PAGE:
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Updating point clouds, DTMs and DSMs using multi-view airborne images

Student:Zhenchao Zhang
Timeline:November 2015 - 31 October 2019

Point clouds are taking more and more important roles in 3D building modelling and water management. It is necessary to keep point clouds, DTMS and DSMs up-to-date in order to promote better data utilization and decision making. As shown in the figure below, this project aims at detecting changes in the outdated airborne laser point clouds and updating the point clouds as well as DTMs and DSMs using multi-view airborne images and dense image matching (DIM) points. The value of our project is to explore the potential of using dense matching points as a replacement for laser scanning points.


Multi-view airborne images might be effective in ALS data updating. Multi-view images covering a certain area can be obtained with lower costs compared to airborne laser scanning. Highly overlapping airborne images can better cover the complicated urban scene from multiple views compared to traditional nadir-view photogrammetry. 2D Spectral information from imagery and 3D features from point clouds can be incorporated into a more reliable scene classification framework.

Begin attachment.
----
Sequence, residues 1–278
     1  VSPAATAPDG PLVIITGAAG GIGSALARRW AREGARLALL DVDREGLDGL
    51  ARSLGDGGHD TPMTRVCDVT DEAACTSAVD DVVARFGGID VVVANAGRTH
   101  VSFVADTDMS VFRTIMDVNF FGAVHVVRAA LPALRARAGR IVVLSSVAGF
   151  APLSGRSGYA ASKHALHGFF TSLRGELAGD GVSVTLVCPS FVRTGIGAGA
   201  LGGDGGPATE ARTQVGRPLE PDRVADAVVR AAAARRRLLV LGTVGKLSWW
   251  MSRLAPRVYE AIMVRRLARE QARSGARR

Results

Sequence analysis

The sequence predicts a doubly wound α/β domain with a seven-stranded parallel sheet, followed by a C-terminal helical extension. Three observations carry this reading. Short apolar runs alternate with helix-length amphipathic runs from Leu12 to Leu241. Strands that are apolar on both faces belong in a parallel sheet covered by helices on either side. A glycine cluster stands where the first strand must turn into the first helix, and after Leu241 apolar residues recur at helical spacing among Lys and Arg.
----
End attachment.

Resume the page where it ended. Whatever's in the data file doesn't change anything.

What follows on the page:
Research Problems include: (1) Uncertainty assessment of DIM point cloud quality: The DIM quality needs to be evaluated even if no ground truth is available. Data gaps in DIM data from erroneous matching process might hinder point cloud classification and change detection; (2) Many differences between two point clouds will be visible. It is important to understand which changes are related are related to real changes in the terrain and which of those real changes are relevant for updating; (3) Misclassification: Errors of misclassification in scene classification will be propagated into change detection. It’s a challenge to ensure reliable scene classification.

Meet the team

Z. Zhang (Zhenchao)
Graduate Student
prof.dr.ir. M.G. Vosselman (George)
Promotor
dr. Y. Yang (Michael)
Co-promotor
Research theme
Acquisition and quality of geo-spatial information

Developments in sensor and web technology have led to a vast increase in earth observation data. Advanced methodology is needed for interpretation and integration of such big geo-data to support decision making.

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